Asian emerging markets credit

Inflation remains low, so emerging markets can focus on using policy to boost growth – as India just has.


We continue to favor Emerging Market and Asian bonds within the fixed income space. It is likely that emerging market spreads will remain tight and even tighten further, while higher interest rates induce a gentle rise in developed markets sovereign debt. We currently expect US 10-year yields to move up to 2.6% by June 2018, from current levels of around 2.3%.


After a disappointing few years, where emerging markets growth was dragged down by various factors, we expect slightly stronger emerging markets growth in 2017, compared to 2016.


“Our views on this issue are similar to that of the IMF, which expects a modest recovery in several Asian economies.”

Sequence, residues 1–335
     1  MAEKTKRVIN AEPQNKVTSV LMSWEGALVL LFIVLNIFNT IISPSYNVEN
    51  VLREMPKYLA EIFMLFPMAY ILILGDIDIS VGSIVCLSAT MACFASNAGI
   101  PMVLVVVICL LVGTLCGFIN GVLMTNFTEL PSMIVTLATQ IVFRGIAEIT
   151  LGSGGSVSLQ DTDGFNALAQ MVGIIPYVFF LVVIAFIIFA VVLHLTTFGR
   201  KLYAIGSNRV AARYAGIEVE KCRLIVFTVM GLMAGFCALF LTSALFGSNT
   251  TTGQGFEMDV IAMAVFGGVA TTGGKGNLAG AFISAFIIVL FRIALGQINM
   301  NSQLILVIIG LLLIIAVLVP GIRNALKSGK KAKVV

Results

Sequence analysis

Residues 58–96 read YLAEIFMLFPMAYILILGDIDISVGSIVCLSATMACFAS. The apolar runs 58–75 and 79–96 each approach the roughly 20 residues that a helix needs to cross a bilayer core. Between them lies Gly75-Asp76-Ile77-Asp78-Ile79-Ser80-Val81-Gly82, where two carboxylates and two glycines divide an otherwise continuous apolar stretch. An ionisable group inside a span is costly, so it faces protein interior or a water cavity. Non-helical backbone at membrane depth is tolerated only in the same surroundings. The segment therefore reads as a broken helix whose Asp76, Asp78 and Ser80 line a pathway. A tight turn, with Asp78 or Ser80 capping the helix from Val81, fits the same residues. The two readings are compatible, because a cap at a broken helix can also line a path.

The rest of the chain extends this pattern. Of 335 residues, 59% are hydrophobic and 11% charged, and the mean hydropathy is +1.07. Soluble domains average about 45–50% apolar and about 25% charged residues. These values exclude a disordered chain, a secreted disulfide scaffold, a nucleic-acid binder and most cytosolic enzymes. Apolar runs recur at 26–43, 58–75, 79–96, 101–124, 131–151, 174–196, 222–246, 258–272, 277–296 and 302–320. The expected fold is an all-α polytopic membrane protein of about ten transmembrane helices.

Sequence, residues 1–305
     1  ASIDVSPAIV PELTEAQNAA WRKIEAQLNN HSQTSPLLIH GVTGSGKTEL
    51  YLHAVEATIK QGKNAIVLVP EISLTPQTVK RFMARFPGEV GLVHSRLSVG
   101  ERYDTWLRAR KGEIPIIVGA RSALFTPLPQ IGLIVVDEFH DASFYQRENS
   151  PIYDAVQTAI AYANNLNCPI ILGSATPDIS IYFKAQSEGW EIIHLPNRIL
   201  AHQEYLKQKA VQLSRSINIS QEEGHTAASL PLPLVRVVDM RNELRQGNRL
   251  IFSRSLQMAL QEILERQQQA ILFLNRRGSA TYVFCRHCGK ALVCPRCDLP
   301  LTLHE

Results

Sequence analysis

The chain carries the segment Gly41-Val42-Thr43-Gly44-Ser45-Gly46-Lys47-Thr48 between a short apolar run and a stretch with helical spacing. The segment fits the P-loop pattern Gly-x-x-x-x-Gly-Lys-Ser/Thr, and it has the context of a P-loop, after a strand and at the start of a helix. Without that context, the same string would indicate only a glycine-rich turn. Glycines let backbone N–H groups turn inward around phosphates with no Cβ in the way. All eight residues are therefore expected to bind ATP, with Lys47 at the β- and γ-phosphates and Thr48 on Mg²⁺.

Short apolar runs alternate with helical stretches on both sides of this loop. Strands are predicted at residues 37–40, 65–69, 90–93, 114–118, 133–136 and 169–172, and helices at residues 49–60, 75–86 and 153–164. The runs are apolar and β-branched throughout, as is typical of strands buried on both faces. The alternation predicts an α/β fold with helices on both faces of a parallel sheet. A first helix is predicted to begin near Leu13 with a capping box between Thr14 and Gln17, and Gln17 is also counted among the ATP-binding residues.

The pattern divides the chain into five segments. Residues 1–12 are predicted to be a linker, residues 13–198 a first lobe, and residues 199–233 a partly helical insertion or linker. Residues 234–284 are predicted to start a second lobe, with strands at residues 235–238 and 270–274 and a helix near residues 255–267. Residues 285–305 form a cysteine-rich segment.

Inflation remains low, so emerging markets can focus on using policy measures to boost GDP growth. A case in point is India. Inflation eased to 1.54% YoY in June, even lower than the record low of 2.18% in May. This was 50bps below the lower band of the Reserve Bank of India (RBI) 2-6% inflation target band. Food prices were down 2.1% compared to a year ago, after a 1.05% fall in May. Core inflation (excluding food, fuel and transport) came in at 4.2% YoY.  Low inflation allowed the RBI to cut rates earlier this week.


While emerging market spreads are below their historical average, they are still over 100bps above the lows recorded in 2005-2007 prior to the Great Recession in 2008-2009.


As interest rates remain high in emerging markets compared to developed markets, we expect emerging market returns to outperform other major fixed income asset classes over the next 12 months.


Source:  Bloomberg Finance L P, Deutsche Bank AG. Data as of Aug 2, 2017.

Markus Müller
Global Head
CIO Office
Source: CIO Bulletin, Aug 4, 2017